For Grace Robert, 2019 was a year to forget.
The 15-year-old, from Kalonga Village located almost 40 kilometres north west of Lilongwe City, dropped out in Form Two when her parents migrated to Mzimba to work in tobacco estates.
Abandoned, Grace and her siblings survived on piecework, hardly earning enough for her tuition at Kalonga Community Day Secondary School.
“Our parents have never visited us ever since. We had to be strong. Being the oldest, I have to work like a donkey to feed my siblings,” she says.
Every morning, the trio goes door-by-door searching for work that earns K 1 000 on a good day.
“Life is tough, but we have to adjust,” says the young breadwinner.
Grace’s siblings are still in primary school but the chance to remain in school until their dreams come true is slim.
“We have relatives, but they have families to take care of. Often, we sleep on an empty stomach,” she explains.
Grace regrets her quitting school, but says she will do everything to ensure her siblings go to secondary school—“even university”—so that they can lift themselves out of poverty.
“Our parents are alive, but that responsibility is now in my hands. If my siblings complete their education, we will no longer live like orphans” she states.
Salome Chindoko, child protection worker in Traditional Authority (T/A) Masula, says the number of girls and boys dropping out of school in the rural setting is high.
“Most parents do not seem to care about their children’s education. I have talked to several parents to avert this problem in the area, but not much is changing” she explains.
However, girls are disproportionately affected by rampant dropout rates estimated at 20 000 every year.
In the 2017-2018 academic year, the Ministry of Education, Science and Technology reported that 10 520 girls dropped out, representing 58 percent of the national total.
According to the report, the majority of dropouts could not afford school fees—the reasons government waived tuition fees in all public secondary schools.
However, government agencies are working hand in glove with non-governmental organisations to reduce dropout rates.
Clement Ndiwo Banda, head of programmes at ActionAid, says it is time all boys and girls in the country completed primary and secondary education without facing financial barriers.
He says: “Government should ensure that education budgets are gender sensitive to provide adequate financing for measures proven to tackle persistent barriers to girl’s education.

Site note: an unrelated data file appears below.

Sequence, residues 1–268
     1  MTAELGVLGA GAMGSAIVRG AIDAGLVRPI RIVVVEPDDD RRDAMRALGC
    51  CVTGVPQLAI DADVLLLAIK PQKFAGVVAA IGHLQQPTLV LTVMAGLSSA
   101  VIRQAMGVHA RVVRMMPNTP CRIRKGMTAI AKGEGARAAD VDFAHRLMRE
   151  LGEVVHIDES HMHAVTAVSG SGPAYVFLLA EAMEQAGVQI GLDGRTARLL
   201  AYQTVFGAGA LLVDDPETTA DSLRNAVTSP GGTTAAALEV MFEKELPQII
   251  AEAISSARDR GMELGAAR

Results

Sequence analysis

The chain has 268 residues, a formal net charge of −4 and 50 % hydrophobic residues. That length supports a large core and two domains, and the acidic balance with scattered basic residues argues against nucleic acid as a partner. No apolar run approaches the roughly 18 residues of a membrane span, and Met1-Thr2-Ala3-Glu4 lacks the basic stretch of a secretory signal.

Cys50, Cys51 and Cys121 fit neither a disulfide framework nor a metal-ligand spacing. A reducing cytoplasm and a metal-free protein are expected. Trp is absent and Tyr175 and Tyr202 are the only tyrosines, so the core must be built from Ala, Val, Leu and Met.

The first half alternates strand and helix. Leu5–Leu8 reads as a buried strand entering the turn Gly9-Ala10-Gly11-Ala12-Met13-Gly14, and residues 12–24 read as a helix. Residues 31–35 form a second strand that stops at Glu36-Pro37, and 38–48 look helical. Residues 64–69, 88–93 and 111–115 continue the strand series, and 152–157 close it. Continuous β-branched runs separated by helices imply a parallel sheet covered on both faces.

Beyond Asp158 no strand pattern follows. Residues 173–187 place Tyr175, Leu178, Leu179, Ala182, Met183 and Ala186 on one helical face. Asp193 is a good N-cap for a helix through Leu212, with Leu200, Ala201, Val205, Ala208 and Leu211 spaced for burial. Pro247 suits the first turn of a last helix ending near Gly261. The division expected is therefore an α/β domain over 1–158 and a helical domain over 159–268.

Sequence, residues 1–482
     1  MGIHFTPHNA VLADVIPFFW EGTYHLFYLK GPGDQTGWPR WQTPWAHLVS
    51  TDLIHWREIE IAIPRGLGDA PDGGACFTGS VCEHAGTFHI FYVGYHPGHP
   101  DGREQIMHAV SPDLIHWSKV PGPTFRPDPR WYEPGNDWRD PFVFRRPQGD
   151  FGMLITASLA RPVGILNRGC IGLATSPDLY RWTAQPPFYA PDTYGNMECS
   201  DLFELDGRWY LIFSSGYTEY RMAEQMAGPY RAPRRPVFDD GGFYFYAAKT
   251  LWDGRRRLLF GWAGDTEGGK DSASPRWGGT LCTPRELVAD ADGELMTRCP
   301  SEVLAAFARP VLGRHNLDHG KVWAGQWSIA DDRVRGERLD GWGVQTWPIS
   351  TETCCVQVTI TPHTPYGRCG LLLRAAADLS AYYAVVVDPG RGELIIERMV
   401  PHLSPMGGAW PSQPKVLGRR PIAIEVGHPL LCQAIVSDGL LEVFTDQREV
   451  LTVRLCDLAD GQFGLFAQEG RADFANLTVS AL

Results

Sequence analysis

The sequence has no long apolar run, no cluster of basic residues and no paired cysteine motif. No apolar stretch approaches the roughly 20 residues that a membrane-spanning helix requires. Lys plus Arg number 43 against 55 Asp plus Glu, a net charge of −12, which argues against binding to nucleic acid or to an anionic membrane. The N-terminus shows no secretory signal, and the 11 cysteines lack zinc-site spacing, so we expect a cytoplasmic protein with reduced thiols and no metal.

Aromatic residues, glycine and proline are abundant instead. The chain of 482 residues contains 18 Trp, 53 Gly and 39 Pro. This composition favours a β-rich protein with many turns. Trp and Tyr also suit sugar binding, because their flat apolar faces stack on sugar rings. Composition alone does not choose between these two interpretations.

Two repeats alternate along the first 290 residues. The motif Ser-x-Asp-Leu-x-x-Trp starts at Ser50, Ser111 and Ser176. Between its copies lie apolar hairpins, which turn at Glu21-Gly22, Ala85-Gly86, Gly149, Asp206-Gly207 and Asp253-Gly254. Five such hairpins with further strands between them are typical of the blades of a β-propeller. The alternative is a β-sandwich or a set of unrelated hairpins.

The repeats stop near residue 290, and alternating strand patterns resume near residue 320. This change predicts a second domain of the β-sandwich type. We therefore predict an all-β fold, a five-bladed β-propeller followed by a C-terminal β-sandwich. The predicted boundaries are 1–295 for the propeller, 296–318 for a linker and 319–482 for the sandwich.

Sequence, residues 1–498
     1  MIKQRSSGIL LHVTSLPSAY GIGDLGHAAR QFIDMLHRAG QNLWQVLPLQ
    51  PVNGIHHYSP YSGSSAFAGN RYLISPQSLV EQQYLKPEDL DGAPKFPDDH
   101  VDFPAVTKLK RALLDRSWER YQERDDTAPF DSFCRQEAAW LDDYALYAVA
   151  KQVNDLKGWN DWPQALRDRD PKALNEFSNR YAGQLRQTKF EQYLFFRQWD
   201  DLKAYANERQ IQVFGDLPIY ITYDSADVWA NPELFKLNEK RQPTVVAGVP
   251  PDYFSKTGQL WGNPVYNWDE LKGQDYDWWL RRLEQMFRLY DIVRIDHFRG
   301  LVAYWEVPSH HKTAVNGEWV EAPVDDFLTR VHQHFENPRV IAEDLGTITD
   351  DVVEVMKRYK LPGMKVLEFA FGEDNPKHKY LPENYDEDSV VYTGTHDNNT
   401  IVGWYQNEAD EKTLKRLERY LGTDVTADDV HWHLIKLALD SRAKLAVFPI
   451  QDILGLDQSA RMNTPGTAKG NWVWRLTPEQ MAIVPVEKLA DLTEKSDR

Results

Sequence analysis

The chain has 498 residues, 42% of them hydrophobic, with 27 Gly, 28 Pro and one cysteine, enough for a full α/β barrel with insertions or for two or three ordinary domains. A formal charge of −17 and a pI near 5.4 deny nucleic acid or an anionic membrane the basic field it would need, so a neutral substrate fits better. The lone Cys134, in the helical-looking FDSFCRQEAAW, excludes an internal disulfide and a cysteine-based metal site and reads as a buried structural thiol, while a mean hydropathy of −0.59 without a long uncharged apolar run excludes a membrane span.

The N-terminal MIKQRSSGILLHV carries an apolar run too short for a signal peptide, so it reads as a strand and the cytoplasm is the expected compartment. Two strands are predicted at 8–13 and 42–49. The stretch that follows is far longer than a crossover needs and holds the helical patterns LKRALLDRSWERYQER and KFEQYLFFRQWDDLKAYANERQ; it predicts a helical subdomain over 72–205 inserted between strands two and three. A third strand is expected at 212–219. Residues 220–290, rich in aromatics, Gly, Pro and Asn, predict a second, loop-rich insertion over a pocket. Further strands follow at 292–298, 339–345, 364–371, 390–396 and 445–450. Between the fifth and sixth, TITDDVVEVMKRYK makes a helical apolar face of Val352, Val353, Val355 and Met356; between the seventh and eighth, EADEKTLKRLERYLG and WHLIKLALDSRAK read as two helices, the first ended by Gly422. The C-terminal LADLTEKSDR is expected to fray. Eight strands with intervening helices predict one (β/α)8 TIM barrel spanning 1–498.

“We need to promote and safeguard the rights of children by putting in place policies that will challenge the gender inequalities between boys and girls.”
Keeping girls in school is not only known to increase their monthly income later in life but also the chances of delaying their first pregnancy and marriage age.
However, nearly half of Malawian women marry before their 18th birthday due to cultural beliefs, widespread poverty and indifference.
Besides, most parents prefer educating a boy to a girl although she has an equal right to education.
As such, they deny the girl-child school fees, leaving her to marry young while boys go further with education.
Educationist Steve Sharra says there is lack of uniformity and coherence in how the Education Ministry and NGOs communicate and implement policies to promote girl’s education in the country.
“Not everyone is aware of the strategies which result in some stakeholders making their own decisions based on the meagre resources available to them. The bigger problem is funding to implement policies and strategies, which pushes the financial burden on to parents, guardians and communities,” he says.
Sharra asks government to lessen the financial burden placed on constrained families. He explains: “Other organisations need to support government efforts in this regard. Presently, poor communities suffer the most because households can’t raise sufficient money to pay the required school development funds of different types, buy uniform and their children drop out of school.”